“How to Critique Fiction,” www.crayne.com/howcrit.html;
“Career Plan for Fiction Writers,” www.crayne.com/carrplan.html;
“Writing Your First Novel,” www.crayne.com/articles/writing-your-first-novel.pdf;
“Copy Editing Versus Content Editing,” www.crayne.com/articles/copy-editing-versus-content-editing.pdf;
“Why You Need a Professional Editor BEFORE You Try to Sell Your Novel,” www.crayne.com/articles/why-you-need-a-professional-editor-before-you-try-to-sell-your-novel.pdf;
“How to Grow Your Fiction Writing Skills,” www.crayne.com/articles/how-to-grow-your-fiction-writing-skills.pdf.

 

Book Promotion Opportunities

Carrol Wolverton is writing a book on “Living Cheap” and is soliciting your help. Do you have any ideas related to a book you’re promoting, perhaps? Send Carrol your tips and get publicity for your own book in this new book. For more information go to http://www.northfloridawriters.org/CarrolW.htm. Or email Carrol at carrolwolverton@hotmail.com.

 

Perhaps your book relates to spirituality/religion. Are there stories in your book that would work for a book of God-incident stories? In other words—stories of God-incidence, not coincidence. If so, contact Kathie@vadirectory.net. Visit Kathie’s website at http://www.god-incidence.com.

 

Brian Jud has created a new program to help you sell books. For a fee and a cut of the profits, Jud will include your book in a catalog that goes out to 1,800 sales reps nationwide. These sales people promote your book to corporations, associations, schools, etc. For additional information and to sign up, go to http://www.premiumbookcompany.com. July 1, 2008 is the deadline to be included in the first catalog. For more information send an email to brianjud@premiumbookcompany.com.

 

Opportunities for Scriptwriters

Do you have a comedy script written for a female lead in her early 20s? If it is along the lines of the ABC Family’s “Holiday in Handcuffs,” there might be a place for it on television. The producers want a romantic element in the script, but romance should not be the focus. This script should have a great title, a strong hook and an easy-to-follow plot. They don’t want anything that’s overly complex. For more information, go to http://www.inktip.com/pnews.php.

 

InkTip also has someone looking for completed feature-length drama scripts about adolescent characters dealing with issues. They particularly want scripts with stories involving team sports—something along the lines of “Green Street Hooligans, “Friday Night Lights” or “Kids.” http://www.inktip.com/pnews.php.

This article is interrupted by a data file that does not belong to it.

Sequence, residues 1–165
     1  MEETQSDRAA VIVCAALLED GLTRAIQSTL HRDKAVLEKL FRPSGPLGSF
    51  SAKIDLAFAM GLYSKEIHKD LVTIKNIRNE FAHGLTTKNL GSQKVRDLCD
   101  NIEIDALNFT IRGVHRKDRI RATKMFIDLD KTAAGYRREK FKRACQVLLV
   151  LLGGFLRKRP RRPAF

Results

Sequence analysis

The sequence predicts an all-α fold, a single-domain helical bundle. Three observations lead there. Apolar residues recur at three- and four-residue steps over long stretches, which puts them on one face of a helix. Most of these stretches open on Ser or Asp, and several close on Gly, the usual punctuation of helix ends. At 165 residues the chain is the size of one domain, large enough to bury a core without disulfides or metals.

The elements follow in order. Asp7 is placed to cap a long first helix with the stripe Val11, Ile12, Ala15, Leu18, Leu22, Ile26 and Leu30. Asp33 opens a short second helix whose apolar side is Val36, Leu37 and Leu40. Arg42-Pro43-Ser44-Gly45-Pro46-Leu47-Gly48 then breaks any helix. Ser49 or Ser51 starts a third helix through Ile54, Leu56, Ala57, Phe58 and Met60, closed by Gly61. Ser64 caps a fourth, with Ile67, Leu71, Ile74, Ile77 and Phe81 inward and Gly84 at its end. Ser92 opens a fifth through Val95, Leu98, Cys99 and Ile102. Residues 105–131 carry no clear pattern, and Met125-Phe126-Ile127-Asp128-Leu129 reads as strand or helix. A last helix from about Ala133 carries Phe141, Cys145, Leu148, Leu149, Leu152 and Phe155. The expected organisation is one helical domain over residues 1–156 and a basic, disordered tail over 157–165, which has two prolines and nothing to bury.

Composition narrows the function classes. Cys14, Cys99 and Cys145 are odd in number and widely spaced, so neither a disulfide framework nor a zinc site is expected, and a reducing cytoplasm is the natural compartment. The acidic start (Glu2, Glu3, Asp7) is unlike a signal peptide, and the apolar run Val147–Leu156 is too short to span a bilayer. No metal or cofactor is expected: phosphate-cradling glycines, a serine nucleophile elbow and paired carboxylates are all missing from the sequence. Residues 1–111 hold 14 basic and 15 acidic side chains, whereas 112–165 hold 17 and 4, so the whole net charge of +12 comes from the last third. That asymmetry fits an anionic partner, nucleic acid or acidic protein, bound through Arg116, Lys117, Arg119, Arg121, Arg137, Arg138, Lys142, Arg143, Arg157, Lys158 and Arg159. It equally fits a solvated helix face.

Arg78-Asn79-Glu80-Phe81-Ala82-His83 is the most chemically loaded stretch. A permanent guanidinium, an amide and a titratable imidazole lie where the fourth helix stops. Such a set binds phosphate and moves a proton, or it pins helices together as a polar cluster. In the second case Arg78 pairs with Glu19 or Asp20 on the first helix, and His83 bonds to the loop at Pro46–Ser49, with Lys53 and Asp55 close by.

Resources for Writers and Authors

Do you enjoy visiting authors’ blog sites? These are often good places to learn about writing and publishing. I maintain an informational blog for anyone interested in writing and/or publishing. Visit mine at http://www.matilijapress.com/publishingblog. Here’s a directory with additional author’s blogs: http://www.authorsblogs.com. While some of these blogs are useful and informational, most are blogs about the author and their books. Perhaps you’ll want to see about having your blog listed here.

 

Are you interested in the magazine business? The Magazine Publishers of America has released their 2008-2009 edition of their Magazine Handbook and it’s now available in PDF form at http://www.magazine.org/handbook. If you want a print copy, contact promotion@magazine.org.

 

Book News

Book Production is Wayyy Up

The tally is in—R.R. Bowker has released book production figures for 2007. Evidently, there was a 39 percent increase in book output—raising the number of books produced in 2007 to 411,422. According to Bowker spokespersons, the production of on-demand, short run and unclassified titles soared from just over 20,000 to nearly 135,000 in 2007. The biggest gain occurred in literature. Fiction titles, the single largest category, increased by 17 percent. The largest decline was in business titles, which were down 12 percent. Religious titles (which have been on the rise for several years in a row), and juvenile fell in 2007.

 

Barnes and Noble on the NO Returns Bandwagon

Believe it or not, Barnes and Noble CEO Steve Riggio is willing to help find alternative methods of dealing with unsold books. According to Jim Milliot’s article in Publishers Weekly (May 22, 2008), Riggio calls the current returns practice “insane” and “expensive.” And we thought the returns policy was annoying only to publishers.

 

Is Your Copyright Missing in Action?

Have you been waiting and waiting to receive your registration from the Copyright Office? Well, evidently, they have a good reason for the poor service. They’re modernizing their operations by shifting from paper to online registration and this is causing a bit of a delay for those applications already in the pipeline. If you want a faster turn-around, use their e-Service. Locate additional information here: http://www.copyright.gov/docs/delay.html.

 

Is Harper and Collins Becoming a Co-Op?

HarperCollins is bringing change to an already ever-changing industry. They’re forming a new publishing group designed to offer authors a 50/50 profit-sharing package instead of the coveted advance. This new model is in the experimental stages and will only focus on short nonfiction books. I’ll keep my finger on the pulse of this industry decision and report on my findings.

 

Overseas Scammers

Don’t be so hungry for sales that you fall into the grasps of scammers. Have you received email messages from polite individuals from other countries asking about your overseas shipping policy for quantities of books? Ooooh, it’s exciting to think that dozens of your books would find their way to some exotic city, isn’t it? But it’s not so exciting when you don’t get paid for the books—and this is a high probability. I’ve received such emails for years from Australia, India and other far off places asking for quantity shipping quotes AND requesting a speedy delivery. At first, I was thrilled at the prospect of selling dozens of copies of my book. But, after engaging in email conversations with the potential customers, I realized that they were not on the up and up. In fact, when I started asking the hard questions, the scammers disappeared into the ether.